One of my favorite collections of comics that I own is Soppy from artist Philippa Rice. Soppy chronicles the cute happenings of a relatable relationship between two people as they share their lives together. The art style is rightfully adorable too, even when the panels show the darker side of relationships—and how arguments resolve when people actually communicate.
In Soppy, I saw a side of relationships depicted that I never see across most movies, books, and even video games. I saw the subtler nuances of what it's like to actually be in love and share your life with someone; the daily experiences of my own life, in comic form.
Florence, the new game by the studio Mountains from Ken Wong (the lead designer behind Monument Valley), shows this side of love too, and then some. Florence is an interactive comic on iOS about love, life, and everything in-between. As a game, its interactions are minimal, from dragging a toothbrush back and forth to matching numbers at the main character's mundane accounting job. (Curmudgeons might lambast me even calling it a game, but in my mind, anything interactive is a game. So buzz off!) On the most recent episode of The USgamer Podcast, I sang my praises for it as the perfect Valentine's Day-oriented game (which is adequate, considering it launched the same day).
In Florence, you follow the life of Florence Yeoh as she navigates a dull world. She spends her time scrolling through social media of people who have livelier lives than she; to match this, her world is extremely grey, except for her childhood where she painted as a hobby. The activities the player partakes in are equally mundane-feeling. She plainly talks her way through another pestering conversation with her mom on the phone, and hits her alarm clock about a dozen times before she actually wakes up to start her day. And then one day, her phone dies on her walk home, and she's distracted by the sound of someone playing cello in the park. It's love at first sight.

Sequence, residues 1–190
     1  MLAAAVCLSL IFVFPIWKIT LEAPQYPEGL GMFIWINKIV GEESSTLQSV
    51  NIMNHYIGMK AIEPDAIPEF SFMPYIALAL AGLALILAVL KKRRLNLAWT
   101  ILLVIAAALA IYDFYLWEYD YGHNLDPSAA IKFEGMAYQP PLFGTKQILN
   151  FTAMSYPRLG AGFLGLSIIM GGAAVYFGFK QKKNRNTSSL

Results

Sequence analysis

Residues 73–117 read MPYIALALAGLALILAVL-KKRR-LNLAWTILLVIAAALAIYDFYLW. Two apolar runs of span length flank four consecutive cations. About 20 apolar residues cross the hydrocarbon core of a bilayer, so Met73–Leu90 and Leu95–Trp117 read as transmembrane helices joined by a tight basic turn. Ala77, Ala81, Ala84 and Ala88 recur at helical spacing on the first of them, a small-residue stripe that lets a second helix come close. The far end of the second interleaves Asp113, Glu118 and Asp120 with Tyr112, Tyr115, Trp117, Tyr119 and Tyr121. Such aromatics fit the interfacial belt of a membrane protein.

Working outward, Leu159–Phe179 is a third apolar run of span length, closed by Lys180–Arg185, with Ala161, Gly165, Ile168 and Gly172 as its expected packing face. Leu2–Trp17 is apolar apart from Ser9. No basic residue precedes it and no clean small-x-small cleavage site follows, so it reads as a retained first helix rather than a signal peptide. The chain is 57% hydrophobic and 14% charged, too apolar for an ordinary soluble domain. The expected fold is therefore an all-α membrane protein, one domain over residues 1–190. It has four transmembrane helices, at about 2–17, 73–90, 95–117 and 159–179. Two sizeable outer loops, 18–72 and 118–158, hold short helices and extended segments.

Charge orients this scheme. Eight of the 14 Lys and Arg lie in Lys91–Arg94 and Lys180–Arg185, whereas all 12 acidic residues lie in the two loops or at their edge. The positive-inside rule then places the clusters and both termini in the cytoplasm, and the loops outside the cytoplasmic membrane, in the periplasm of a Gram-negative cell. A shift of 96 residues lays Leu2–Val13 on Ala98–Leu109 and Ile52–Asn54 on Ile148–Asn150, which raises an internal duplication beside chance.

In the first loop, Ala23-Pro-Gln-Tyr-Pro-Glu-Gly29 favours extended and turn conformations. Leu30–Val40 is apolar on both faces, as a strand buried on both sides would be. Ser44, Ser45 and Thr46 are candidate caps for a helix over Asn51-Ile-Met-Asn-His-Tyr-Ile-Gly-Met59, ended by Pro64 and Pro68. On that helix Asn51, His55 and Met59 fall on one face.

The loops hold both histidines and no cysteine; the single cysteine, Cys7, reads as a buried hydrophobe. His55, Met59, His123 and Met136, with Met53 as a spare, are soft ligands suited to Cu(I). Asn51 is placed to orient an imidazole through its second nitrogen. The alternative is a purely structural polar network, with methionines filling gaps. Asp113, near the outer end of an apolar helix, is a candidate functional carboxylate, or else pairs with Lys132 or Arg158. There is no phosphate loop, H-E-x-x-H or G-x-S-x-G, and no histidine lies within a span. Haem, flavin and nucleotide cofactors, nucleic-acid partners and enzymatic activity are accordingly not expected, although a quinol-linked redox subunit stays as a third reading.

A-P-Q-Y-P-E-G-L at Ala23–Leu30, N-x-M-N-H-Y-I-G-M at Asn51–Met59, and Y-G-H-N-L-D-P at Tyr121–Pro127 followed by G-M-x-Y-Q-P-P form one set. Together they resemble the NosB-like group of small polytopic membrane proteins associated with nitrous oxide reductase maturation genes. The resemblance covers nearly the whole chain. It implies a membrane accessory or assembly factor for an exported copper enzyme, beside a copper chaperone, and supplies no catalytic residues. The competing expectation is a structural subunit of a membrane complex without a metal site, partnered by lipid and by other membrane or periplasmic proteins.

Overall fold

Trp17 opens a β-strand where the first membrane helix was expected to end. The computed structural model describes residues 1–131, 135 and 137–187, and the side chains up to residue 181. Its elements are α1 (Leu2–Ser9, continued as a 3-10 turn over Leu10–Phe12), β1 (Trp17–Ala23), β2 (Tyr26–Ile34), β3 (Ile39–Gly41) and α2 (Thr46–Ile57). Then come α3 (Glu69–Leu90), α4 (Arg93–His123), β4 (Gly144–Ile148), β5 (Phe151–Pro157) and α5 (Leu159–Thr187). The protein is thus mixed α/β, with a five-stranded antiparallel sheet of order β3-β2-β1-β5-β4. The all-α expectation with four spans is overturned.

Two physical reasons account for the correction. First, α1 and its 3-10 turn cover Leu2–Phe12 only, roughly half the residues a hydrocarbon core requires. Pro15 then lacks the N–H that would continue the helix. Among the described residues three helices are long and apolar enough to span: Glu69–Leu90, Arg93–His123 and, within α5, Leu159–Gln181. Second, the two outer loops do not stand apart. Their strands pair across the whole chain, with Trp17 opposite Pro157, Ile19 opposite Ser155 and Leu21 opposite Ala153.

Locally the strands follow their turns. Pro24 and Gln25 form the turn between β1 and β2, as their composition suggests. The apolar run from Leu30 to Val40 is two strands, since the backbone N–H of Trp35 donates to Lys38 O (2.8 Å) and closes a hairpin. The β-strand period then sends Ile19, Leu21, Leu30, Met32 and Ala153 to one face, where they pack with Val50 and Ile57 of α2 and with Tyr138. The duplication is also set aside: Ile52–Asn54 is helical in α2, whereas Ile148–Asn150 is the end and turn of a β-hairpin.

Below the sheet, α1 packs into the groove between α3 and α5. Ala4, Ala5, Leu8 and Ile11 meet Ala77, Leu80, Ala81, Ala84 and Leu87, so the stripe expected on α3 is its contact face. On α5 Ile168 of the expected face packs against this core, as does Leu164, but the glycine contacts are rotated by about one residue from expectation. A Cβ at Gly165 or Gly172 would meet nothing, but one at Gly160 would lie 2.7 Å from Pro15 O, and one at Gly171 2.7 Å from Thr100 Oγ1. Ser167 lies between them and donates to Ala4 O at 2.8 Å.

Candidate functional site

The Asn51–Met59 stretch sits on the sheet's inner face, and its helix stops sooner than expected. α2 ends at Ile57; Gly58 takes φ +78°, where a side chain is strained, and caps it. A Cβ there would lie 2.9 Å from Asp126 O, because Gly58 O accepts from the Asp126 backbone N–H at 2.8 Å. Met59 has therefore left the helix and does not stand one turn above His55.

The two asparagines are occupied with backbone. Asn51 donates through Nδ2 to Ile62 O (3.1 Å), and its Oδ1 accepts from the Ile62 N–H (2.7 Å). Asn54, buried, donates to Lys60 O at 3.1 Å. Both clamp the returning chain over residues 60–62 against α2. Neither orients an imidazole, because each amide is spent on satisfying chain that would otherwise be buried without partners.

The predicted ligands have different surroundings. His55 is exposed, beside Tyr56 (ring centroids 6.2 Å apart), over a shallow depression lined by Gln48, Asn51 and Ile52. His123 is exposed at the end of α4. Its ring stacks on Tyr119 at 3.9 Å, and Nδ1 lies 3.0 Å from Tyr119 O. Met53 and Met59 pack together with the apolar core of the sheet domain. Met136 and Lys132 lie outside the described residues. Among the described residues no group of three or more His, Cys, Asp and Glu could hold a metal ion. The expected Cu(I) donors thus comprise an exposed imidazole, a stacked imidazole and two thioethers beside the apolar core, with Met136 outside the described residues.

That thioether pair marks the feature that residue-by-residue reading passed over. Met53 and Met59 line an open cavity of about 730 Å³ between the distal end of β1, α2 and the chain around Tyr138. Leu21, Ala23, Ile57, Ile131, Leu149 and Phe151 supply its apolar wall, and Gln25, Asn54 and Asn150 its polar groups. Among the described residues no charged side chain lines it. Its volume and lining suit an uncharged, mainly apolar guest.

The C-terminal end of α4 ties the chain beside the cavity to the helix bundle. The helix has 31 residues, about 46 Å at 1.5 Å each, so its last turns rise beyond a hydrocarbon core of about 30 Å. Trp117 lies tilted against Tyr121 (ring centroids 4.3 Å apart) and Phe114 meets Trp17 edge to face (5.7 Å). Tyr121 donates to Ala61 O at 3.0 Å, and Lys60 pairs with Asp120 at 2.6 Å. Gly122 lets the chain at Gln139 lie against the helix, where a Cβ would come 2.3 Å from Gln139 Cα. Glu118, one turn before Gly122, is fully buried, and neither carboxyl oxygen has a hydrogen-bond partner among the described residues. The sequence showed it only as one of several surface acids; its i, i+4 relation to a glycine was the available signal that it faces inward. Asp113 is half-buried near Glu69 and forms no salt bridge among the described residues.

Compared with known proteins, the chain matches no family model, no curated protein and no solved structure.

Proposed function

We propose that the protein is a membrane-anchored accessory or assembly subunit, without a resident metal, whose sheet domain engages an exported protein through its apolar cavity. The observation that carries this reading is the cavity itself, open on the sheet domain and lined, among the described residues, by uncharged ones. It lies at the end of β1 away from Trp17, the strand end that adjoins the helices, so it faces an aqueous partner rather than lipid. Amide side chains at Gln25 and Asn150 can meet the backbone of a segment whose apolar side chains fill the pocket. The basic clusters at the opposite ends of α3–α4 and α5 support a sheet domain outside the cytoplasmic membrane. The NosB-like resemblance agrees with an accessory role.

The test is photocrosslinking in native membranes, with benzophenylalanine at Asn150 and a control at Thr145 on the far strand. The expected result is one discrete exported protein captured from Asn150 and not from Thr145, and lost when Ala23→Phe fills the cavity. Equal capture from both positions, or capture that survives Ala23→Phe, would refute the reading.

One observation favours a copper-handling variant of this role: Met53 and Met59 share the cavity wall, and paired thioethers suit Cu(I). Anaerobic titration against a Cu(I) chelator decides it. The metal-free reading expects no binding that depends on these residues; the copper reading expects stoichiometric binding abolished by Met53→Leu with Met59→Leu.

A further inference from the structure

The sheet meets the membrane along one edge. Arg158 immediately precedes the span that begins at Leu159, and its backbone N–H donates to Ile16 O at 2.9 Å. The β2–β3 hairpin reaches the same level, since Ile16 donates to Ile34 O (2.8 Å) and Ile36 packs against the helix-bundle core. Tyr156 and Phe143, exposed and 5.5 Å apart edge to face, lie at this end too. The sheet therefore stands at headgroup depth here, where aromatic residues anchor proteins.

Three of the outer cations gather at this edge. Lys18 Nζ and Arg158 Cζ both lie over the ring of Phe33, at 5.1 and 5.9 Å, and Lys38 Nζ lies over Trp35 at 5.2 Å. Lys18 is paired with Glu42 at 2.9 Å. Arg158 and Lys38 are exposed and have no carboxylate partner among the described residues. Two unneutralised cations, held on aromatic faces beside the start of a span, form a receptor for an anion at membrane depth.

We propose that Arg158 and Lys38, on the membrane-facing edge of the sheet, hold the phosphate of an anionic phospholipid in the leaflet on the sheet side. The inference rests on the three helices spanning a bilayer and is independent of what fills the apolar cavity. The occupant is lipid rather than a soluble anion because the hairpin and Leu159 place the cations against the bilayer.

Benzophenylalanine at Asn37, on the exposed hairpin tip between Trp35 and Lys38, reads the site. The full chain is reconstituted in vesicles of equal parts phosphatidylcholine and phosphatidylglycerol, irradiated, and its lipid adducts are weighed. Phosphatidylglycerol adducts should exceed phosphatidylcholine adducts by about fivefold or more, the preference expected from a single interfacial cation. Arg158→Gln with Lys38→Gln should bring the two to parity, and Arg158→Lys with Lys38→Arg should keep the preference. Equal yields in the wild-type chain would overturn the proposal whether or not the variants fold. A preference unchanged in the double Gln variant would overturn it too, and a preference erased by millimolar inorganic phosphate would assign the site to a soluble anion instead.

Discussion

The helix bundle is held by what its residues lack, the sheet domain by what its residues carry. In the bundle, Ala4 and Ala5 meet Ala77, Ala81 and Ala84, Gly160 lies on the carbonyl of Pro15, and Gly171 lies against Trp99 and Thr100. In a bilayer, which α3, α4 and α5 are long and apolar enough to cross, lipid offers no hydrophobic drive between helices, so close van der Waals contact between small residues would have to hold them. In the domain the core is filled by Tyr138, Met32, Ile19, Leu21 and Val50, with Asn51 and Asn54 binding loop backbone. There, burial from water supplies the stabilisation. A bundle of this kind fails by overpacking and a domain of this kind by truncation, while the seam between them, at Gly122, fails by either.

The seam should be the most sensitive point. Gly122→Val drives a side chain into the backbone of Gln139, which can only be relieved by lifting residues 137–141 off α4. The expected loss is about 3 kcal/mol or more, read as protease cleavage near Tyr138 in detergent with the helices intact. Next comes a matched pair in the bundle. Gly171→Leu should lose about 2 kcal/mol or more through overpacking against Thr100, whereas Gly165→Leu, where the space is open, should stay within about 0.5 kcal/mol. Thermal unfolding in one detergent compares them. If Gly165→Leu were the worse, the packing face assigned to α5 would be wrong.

Eventually by chance, Florence meets the cello-playing man again, and after they meet-cute, a whirlwind relationship blossoms. As someone who also entered a very quick relationship and has remained in it for years, the chance meeting and near-immediate segue into dating felt instantly relatable, almost as if I was watching a realigned version of my own relationship through another lens. I imagine I'm not alone in that experience too.
Comics and manga, even the page turning ones like Soppy or Yotsuba, are so often static. Digital comics often pop out at the screen, or cue in music when appropriate, but so few bring interactions that embolden the experience as much as Florence. Florence's interactions are varied too, which adds to the action. In one scene with an argument, I found myself quickening my approach to toss in puzzle pieces into a speech bubble, thinking loosely, "This is how I win this argument." (Spoiler: there is no winning.) In another scene, I shook polaroids back and forth, getting quick glimpses of the warmer memories we were making in our relationship.
In making the Annapurna Interactive published title an "interactive story," Florence's tale isn't left to just being a page turner. The reader, instead, becomes a player; someone more embedded in the story surrounding Florence. It doesn't go overboard with the interactions either, making it accessible even to people who don't typically play video games while remaining a gateway into more games and interactive comics like it.
But Florence doesn't just dwell on relationship niceties or moving in conundrums. Instead, it shifts its focus to something greater: on how love and relationships grow people as individuals. Florence and her partner Krish are both individuals with dreams, and as Florence urges Krish to follow his own of music, he attempts to do the same with her and painting.
The comic follows Florence's life most importantly, not viewing her as a person who ends and begins with her romantic relationships; but as an individual, as someone who finds herself inspired by her relationships and livelihood.
Florence reminds us that all relationships, whether they end well or not, often affect us in the long term. Sometimes it's a warning of what to avoid in the future. Sometimes it's the growth we feel within them. Regardless, even when a relationship may not last forever, love in all its forms is what pushes us forward as human beings. Florence shows players that love, both at its best and at its worst, is a profound thing for that very reason. And for $2.99 on iOS, Florence is the perfect teensy little experience to play on your iPhone or iPad. Maybe you'll even fall in love again.